Today at 14.30 CET the U.S. employment report is due. Economists expect about 150 thousand jobs to have been added during last month. It is however unclear how much of the effects from hurricanes such as Ivan that were visible at the time these expectations were formed. Historically, severe hurricanes in the Mexican Gulf has had an important effect on the non-farm pay rolls numbers, making them much lower that the consensus estimates. And looking at the worst hurricanes, it seems that even the bond-market has been surprised by the hurricane effects, trading up bond-prices (yields down), on the day the non-farm payroll figures have been released far below estimates because of the storm impact. However, now they seem to have learned the lesson. Following are the yield changes on 10-year U.S. treasuries on NFP announcement days after severe storms. All the NFP figures, though not shown in the table, were announced far below the estimates, and then later revised upwards.

Date......Hurricane.....10-yr UST yield chg bps.
Aug 1992.......Andrew.......-12.3
Sep 1996.......Fran.........-11.4
Sep 1998.......Bonnie.......-1.8
Sep 1999.......Floyd........-0.6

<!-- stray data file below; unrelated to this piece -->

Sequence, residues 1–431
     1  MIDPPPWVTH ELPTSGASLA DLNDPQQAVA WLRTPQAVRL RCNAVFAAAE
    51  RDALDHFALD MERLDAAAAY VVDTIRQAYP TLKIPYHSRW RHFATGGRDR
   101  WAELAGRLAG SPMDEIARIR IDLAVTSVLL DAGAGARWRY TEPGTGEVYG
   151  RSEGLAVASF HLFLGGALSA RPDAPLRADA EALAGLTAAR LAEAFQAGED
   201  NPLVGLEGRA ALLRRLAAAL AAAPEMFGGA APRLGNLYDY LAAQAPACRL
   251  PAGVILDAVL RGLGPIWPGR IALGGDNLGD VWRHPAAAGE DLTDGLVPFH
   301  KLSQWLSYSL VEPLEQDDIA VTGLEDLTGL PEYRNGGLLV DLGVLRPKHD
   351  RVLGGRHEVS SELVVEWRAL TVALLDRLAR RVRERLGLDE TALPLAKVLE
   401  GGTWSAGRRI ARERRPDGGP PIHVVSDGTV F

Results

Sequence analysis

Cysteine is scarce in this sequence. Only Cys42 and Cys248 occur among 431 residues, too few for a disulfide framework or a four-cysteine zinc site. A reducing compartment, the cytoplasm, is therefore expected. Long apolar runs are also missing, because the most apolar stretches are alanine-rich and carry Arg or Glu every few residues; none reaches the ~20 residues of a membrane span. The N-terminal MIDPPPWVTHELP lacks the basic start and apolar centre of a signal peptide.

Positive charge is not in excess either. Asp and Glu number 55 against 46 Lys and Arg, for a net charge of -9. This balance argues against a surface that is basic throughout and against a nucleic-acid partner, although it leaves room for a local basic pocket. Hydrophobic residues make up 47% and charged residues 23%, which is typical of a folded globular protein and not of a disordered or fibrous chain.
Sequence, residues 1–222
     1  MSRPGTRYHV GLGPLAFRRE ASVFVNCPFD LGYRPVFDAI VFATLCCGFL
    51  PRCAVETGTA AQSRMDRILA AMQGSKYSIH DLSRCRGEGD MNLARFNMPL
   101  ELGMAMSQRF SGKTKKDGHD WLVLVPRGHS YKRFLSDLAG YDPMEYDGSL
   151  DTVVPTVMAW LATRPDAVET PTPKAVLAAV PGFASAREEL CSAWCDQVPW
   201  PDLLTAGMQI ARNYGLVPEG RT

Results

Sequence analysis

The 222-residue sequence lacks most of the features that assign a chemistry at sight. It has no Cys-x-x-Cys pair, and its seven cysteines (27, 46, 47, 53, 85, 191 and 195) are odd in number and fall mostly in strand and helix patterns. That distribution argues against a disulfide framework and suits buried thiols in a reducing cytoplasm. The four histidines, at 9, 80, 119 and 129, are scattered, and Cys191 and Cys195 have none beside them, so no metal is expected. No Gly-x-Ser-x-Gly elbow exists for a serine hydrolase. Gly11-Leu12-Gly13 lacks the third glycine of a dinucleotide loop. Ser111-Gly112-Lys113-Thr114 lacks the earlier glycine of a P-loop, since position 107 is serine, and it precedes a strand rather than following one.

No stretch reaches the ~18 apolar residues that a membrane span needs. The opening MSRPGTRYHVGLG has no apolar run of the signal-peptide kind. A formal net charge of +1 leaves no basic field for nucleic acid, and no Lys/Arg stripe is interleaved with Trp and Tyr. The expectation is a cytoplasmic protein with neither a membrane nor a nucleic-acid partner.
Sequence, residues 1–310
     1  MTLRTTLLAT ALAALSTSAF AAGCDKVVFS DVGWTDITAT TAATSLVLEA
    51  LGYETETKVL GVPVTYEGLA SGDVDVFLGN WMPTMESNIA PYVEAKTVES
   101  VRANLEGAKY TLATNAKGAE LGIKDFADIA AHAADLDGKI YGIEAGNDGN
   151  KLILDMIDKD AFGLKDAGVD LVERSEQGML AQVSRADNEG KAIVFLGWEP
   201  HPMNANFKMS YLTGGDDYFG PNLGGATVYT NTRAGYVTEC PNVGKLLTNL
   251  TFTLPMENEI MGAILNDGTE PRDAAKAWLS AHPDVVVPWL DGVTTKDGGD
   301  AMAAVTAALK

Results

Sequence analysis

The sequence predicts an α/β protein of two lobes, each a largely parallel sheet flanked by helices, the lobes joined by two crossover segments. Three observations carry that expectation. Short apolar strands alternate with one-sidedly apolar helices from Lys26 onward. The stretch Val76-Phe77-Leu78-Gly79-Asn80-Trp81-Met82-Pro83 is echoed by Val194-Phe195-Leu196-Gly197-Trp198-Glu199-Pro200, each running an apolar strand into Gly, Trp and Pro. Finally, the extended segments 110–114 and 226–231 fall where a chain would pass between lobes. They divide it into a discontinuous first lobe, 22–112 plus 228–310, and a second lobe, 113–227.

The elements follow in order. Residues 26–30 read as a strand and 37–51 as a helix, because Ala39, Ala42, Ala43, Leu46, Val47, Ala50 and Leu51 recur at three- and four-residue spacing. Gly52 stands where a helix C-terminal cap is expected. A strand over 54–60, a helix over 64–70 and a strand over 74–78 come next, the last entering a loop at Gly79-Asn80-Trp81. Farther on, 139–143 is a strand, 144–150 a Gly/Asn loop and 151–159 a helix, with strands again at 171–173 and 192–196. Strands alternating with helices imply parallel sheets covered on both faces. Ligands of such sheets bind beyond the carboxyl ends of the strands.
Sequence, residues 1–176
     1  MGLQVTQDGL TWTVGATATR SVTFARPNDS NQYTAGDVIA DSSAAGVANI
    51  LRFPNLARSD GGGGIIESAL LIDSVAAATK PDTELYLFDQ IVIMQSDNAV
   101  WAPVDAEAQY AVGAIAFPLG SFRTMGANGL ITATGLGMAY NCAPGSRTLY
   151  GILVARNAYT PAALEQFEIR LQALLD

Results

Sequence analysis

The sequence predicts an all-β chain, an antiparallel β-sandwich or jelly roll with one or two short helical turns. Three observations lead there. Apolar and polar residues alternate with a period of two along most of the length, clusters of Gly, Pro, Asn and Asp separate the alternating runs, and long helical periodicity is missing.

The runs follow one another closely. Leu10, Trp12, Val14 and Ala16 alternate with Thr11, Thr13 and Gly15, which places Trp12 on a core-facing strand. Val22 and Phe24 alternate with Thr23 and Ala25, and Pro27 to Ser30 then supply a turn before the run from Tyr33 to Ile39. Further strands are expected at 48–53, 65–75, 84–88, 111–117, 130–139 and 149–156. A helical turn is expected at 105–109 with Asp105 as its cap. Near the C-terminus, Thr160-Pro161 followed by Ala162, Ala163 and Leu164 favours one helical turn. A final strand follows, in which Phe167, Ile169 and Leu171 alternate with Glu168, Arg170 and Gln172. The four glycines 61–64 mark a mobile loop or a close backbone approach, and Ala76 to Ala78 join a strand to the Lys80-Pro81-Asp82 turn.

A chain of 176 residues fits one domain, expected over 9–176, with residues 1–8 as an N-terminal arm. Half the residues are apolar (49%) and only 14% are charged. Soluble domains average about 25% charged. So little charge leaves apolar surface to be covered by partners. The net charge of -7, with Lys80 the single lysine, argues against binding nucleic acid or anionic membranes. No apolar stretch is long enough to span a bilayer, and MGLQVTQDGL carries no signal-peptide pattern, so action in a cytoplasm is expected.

For each time, the market has been successively less surprised by what the hurricane has done to the statistics. That said, keep in mind that there is only four observations in the table. Anything could happen today!

57 Channels (and Nothin' On)

How come that with so many channels competing for the viewer's attention on the TV, there can be, as in the lyrics to the Bruce Springsteen song, as many as "57 CHANNELS (AND NOTHIN' ON)"? Even though some of us have tastes that differs from each others, free media such as TV and radio often display a strong tendency to serve only the mainstream. Indeed, even though the preferences of the audience may be diverse enough to make you think about landscapes at least as wide as a river delta, one often talks about if it were a river, dominated by a "mainstream".